Towards designing bio-inspired saliva substitute: Does it influence sensory perception?

March 13, 2019

Saliva is important to be able to experience multi-dimensional textural perceptions, such as creaminess, smoothness, astringency etc. Therefore saliva-mediated lubrication has gained significant attention in the food research community to develop a suitable saliva substitute.

Unfortunately, about 10% of the general population and 25% of older people suffer from dry mouth (Xerostomia), meaning they do not have enough to almost no saliva. This may be due to prescription medications, radiotherapy, and certain autoimmune diseases. Also, age can influence the quantity and quality of saliva. Lack of saliva can result in severe eating difficulties with a reduced sensory appreciation of food. Although a range of commercial saliva substitutes are available on market shelves, they are sub-optimal in reproducing the hydration and lubrication properties of saliva. Renewed research interest in more effective saliva substitutes is driven by the increase in elderly population with chronic diseases and polymedication that commonly induces mouth dryness, which adversely affects the sensory appreciation of food. This, in turn, can lead to reduced nutrient intake and consequently malnutrition.

In this research, we utilised a rational and innovative combination of biopolymers to design a bio-inspired saliva substitute that replicates the lubrication property of real human saliva. We used a combination of complementary techniques, such as adsorption techniques, electron microscopy, tribology at multiple length scales and wettability measurements to confirm the unique properties of this bio-inspired saliva substitute.

Work is ongoing to understand how this bio-inspired saliva substitute can influence sensory perception. Our results will inform the commercial development of this saliva substitute that will enable people suffering from dry mouth to have sensorial pleasure while eating. The University of Leeds is leading this project on Oral Processing & Tribology funded by European Research Council (ERC), with a particular interest in the fundamental understanding of aqueous lubrication of thickeners and hydrogels to replace fat in future foods without compromising the sensory appeal.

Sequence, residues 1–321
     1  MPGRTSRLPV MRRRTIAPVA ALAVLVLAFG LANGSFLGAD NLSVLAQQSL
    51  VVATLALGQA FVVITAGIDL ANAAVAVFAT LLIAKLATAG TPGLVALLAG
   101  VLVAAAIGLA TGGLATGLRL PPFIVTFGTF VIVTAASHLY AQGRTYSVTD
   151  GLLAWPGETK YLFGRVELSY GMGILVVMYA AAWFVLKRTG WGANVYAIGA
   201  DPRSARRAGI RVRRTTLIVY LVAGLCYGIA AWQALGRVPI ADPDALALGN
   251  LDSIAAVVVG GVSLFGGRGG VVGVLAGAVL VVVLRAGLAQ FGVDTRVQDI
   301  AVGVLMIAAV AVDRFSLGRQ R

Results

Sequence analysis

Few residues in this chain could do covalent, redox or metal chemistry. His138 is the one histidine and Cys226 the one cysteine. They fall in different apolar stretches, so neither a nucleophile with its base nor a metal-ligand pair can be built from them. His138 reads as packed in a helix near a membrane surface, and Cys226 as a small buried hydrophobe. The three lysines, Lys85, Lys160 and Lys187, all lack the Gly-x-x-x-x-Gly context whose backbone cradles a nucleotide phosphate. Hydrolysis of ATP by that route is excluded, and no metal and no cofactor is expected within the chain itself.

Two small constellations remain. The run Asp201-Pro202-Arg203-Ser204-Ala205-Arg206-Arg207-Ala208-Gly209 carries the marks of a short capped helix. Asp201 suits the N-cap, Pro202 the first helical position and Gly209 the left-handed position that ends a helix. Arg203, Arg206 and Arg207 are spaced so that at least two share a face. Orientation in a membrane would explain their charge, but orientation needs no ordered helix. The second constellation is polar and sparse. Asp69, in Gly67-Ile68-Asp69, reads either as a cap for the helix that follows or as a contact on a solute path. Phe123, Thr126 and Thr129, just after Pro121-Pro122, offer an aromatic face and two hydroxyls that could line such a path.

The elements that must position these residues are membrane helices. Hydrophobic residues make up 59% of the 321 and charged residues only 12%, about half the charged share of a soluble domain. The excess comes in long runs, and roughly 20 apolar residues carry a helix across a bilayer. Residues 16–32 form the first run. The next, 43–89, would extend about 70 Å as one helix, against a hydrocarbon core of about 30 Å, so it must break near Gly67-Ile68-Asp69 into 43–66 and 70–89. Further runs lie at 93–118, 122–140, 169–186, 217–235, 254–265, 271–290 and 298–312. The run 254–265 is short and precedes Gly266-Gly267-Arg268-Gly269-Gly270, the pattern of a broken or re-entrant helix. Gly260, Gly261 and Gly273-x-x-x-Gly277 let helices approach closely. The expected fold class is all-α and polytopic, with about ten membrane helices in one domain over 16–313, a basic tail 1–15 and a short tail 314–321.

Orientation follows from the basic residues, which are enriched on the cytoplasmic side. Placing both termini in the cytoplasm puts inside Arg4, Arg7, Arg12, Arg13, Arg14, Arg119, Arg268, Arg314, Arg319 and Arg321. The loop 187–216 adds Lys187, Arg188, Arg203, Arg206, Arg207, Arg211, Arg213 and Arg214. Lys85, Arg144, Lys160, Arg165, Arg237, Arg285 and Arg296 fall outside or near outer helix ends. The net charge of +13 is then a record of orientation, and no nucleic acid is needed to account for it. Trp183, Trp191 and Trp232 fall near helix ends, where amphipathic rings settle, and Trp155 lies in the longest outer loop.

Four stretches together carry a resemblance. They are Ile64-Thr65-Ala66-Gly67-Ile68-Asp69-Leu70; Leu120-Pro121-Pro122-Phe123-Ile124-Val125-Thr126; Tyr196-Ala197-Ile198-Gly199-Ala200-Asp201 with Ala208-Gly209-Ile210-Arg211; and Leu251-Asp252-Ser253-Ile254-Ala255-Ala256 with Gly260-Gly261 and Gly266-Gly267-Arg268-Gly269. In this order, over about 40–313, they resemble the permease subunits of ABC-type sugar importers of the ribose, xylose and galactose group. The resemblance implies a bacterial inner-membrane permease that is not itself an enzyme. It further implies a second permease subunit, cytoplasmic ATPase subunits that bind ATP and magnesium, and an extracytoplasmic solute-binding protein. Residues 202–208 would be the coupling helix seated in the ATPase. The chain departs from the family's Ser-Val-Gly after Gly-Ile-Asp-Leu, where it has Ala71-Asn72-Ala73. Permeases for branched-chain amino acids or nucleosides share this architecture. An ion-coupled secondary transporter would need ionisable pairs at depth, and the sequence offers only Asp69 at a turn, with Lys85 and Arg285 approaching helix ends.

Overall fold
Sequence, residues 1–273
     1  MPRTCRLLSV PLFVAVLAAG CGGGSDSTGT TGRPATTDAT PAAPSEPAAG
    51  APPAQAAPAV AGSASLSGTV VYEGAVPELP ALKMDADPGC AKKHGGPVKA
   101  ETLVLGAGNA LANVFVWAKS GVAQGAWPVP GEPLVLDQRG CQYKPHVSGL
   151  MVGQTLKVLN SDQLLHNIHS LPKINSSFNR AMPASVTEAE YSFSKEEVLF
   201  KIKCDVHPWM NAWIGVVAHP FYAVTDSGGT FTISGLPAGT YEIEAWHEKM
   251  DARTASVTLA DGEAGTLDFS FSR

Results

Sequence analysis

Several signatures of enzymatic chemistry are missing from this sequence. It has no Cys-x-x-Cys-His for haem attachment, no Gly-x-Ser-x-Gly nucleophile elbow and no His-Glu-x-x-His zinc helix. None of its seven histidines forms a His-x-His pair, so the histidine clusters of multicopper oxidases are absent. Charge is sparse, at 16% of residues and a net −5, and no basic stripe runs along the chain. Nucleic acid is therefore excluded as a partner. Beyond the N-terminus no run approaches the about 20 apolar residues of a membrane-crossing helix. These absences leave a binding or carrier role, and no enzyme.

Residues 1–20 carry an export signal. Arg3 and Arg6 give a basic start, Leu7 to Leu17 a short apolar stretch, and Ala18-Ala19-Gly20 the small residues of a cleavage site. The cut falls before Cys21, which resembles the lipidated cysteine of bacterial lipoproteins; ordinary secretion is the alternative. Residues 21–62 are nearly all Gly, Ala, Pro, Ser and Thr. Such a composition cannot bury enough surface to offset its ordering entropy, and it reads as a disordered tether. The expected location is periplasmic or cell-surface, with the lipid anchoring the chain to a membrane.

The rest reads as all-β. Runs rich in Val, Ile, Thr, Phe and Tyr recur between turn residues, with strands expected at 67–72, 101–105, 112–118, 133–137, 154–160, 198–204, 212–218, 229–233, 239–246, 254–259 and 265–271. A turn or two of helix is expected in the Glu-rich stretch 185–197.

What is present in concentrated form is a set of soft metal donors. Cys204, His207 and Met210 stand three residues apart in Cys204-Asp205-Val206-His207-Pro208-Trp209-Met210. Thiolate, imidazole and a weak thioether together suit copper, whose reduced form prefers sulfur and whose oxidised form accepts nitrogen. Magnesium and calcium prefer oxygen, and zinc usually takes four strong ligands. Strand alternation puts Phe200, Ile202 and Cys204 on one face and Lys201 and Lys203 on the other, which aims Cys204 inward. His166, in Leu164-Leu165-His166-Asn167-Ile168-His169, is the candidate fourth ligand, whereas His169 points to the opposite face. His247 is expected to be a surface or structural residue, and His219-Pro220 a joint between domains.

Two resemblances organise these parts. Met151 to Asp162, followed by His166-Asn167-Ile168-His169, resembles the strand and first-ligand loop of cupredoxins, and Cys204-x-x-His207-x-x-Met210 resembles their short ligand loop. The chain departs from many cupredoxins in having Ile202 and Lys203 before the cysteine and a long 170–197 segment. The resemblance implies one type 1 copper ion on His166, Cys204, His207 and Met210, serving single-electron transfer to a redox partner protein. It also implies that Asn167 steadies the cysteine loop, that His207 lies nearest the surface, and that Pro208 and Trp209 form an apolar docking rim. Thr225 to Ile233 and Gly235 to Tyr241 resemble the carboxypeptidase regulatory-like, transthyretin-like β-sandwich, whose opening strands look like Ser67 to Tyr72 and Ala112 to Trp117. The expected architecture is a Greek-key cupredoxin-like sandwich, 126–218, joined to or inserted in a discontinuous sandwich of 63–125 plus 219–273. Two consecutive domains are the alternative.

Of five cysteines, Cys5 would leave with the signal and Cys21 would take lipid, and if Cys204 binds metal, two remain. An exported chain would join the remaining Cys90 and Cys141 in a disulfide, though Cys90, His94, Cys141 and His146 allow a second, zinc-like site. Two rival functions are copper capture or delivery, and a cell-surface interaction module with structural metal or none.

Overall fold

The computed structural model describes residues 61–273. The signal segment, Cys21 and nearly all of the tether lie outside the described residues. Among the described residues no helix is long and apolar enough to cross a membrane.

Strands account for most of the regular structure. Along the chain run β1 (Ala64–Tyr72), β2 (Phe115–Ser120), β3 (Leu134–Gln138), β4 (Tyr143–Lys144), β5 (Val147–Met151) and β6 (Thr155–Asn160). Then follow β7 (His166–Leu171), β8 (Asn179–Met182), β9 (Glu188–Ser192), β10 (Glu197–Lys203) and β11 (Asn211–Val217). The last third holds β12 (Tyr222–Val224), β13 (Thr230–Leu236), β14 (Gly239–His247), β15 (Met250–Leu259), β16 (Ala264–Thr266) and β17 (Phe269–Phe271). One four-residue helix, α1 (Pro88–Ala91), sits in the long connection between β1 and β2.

If you would like more information or would like to discuss this research further, please contact Feng Xu. Find one of her published journal articles here.


Each year EFFoST and Cargill present the student of the year award to six students and also give them the opportunity to showcase their research. In this article, Feng Xu who won the 2nd prize for the MSc student of the year award discusses her research.  Feng obtained her Masters in Science for the research she conducted under the supervision of Dr Anwesha Sarkar at the University of Leeds. Currently, she works for Bakkavor UK and China as a product developer.